Miscellaneous Montana Labor Laws

Montana labor laws encompass a variety of regulations that address specific aspects of employment and labor relations.

Immigration Verification

Montana only requires federal I-9 compliance for employment verification. E-Verify is not a requirement under Montana labor law.

Drug Testing

In Montana, the Workforce Drug and Alcohol Testing Act is in effect, and all Montana employers must include compliance with this act in their written workplace drug policies. Furthermore, employers have the option to implement drug testing as a prerequisite for hiring new employees.

Smoking Laws

Montana is one of the 28 states in the U.S. that enacted smoke-free laws for workplaces, restaurants and bars, with employers required to post noticeable signs of the smoking ban at the establishment’s entrances.

Employers in Montana cannot discriminate against employees who use lawful products (e.g., tobacco and medical marijuana).

Gun Laws

Montana’s gun laws are notably permissive, allowing for “shall issue” concealed carry permits within 60 days.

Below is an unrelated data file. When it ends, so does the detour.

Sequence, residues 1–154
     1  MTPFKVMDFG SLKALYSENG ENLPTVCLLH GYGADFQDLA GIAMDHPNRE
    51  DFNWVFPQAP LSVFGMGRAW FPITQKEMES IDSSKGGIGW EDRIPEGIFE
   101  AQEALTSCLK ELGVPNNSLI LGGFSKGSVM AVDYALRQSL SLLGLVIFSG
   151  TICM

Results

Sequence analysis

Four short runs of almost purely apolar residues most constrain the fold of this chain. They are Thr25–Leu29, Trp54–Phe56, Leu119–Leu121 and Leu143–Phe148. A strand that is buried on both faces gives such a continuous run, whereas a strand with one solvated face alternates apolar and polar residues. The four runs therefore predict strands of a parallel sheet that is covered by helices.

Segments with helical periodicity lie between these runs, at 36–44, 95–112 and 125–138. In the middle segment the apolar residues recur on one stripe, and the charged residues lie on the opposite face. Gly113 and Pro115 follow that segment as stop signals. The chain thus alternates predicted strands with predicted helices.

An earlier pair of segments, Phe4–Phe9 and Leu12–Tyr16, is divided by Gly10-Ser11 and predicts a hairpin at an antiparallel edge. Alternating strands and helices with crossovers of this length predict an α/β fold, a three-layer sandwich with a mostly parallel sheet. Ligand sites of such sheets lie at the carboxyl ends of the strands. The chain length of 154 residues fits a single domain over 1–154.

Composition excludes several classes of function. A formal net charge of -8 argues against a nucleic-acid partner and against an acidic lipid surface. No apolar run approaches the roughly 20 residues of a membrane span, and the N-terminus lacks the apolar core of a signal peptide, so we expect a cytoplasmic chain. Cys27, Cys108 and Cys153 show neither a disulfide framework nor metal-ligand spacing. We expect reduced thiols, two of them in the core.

Employers and businesses have no obligation to permit firearms on their premises, and recent amendments have eased restrictions on concealed carry within city limits, except in specified locations such as school zones.

Frequently Asked Questions About Montana Labor Laws

What is the legal working age in Montana?

The minimum employment age in Montana is 14 years old. Minors cannot work in hazardous occupations.

Legal working age in Montana

[Source: Montana Department of Labor & Industry]

How many hours can you work in Montana?

As per federal law and Montana labor laws, eligible employees can work for 40 hours in a work week and any time exceeding that counts as overtime.

Can you be fired without cause in Montana?

As per the Wrongful Discharge From Employment Act, if you are an employee who has finished their probationary period, you cannot be fired without justifiable cause. This follows the fact that Montana is not an at-will state.

Do salaried employees get overtime in Montana?

If you are not exempt from overtime provisions, an employee must be paid at 1.5 times their regular (hourly) rate for all hours worked over 40 per week.

Disclaimer: This information serves as a concise summary and educational reference for Montana labor laws. It does not constitute legal advice. For personalized legal guidance, it is recommended to consult with an attorney.